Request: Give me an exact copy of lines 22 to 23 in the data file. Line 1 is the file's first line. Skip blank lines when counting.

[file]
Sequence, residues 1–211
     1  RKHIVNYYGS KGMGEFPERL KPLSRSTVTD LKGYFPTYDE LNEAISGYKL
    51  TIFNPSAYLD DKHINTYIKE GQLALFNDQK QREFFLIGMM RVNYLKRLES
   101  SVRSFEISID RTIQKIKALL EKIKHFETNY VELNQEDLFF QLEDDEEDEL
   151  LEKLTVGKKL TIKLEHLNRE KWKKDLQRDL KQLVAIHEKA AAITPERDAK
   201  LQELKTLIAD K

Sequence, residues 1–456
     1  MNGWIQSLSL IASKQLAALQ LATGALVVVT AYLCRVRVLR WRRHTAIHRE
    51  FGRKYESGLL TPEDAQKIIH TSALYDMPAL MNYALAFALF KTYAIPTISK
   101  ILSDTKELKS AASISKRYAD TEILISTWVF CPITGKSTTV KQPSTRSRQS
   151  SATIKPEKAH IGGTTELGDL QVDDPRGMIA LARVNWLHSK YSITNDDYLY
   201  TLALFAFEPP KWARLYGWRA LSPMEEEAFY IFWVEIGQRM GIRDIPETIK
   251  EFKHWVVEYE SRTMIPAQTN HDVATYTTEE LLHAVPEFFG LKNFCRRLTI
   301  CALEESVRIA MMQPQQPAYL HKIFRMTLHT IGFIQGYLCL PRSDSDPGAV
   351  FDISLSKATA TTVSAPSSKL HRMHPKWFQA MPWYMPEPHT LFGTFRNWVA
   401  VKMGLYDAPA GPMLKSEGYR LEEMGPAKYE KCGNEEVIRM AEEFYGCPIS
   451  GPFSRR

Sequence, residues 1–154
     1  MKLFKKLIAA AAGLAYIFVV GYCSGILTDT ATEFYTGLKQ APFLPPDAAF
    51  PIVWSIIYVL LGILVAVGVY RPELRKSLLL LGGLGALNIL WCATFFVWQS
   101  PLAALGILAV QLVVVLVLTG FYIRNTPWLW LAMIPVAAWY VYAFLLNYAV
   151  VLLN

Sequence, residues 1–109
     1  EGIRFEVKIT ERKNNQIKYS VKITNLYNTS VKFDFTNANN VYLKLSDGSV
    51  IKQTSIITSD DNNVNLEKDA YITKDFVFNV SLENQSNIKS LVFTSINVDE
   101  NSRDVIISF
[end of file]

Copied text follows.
   151  VLLN

Sequence, residues 1–109